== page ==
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Longtime Sony executive Lia Vollack has been named president of Columbia Live Stage, the new live theatrical productions division of Sony Pictures Entertainment.

In her new post, Vollack, previously president of worldwide music for Sony Pictures Motion Picture Group as well as exec vice president of theatrical for SPE, will develop and produce original theater productions and work with the Sony catalog to create stage properties for Broadway and beyond. She’ll report to Sony Entertainment CEO Michael Lynton.

Columbia Live Stage already has a strong player in the Broadway game with the just-announced New York transfer of “Groundhog Day,” the new musical based on the 1993 Columbia Pictures comedy. With a creative team led by “Matilda” collaborators Matthew Warchus (director) and Tim Minchin (songwriter), “Groundhog Day” earned rave reviews in its world premiere at London’s Old Vic, and has just locked in a Broadway run opening in April and produced by Warchus and Andre Ptaszynski for Whistle Pig Productions and Vollack for Columbia Live Stage.

Although the 2016-17 Broadway season is barely underway, “Groundhog Day” looks poised to become a major part of the 2017 Tony Awards conversation, given the strength of the response across the Atlantic.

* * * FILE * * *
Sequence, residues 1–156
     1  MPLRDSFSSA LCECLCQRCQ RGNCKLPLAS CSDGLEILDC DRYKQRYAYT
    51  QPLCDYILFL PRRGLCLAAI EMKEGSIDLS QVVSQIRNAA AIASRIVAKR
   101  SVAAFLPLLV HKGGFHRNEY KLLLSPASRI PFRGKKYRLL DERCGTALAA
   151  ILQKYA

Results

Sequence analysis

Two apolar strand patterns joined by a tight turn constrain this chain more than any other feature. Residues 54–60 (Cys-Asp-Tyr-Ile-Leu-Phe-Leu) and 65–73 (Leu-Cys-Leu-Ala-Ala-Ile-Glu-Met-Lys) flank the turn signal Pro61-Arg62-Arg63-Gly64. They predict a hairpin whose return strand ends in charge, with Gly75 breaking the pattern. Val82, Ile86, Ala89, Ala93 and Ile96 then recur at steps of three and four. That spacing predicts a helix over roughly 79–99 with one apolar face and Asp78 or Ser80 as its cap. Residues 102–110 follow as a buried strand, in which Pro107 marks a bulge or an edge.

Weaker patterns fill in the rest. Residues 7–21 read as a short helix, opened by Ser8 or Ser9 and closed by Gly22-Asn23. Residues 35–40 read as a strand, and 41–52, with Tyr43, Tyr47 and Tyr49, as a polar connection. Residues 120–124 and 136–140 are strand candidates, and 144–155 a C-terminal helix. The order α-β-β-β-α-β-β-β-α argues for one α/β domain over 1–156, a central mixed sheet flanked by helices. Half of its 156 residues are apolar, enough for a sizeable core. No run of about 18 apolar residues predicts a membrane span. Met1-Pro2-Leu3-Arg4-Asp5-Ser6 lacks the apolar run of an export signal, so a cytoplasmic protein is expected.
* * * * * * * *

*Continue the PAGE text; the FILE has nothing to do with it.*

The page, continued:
Sony’s appointment of Vollack to her new post suggests the studio sees live theater as a market with significant growth potential. Hollywood studios at large have taken a growing interest in the stage over the last several years, as studio-affiliated productions like “The Lion King” and “Wicked” have become enduring generators of blockbuster revenue.

In her prior position, Vollack, a former Broadway and Off Broadway sound designer, was integral in launching Columbia Live Stage, which had its first Broadway outing earlier this year as a co-producer of “Shuffle Along.”  She’s also worked on the music for a long list of films, including James Bond titles “Spectre” and “Skyfall” as well as “The Social Network” and the “Spider-Man” movies.

Spring Aspers, the exec vice president of music creative affairs at Sony Pictures, will take over Vollack’s duties at the motion picture group during the transition.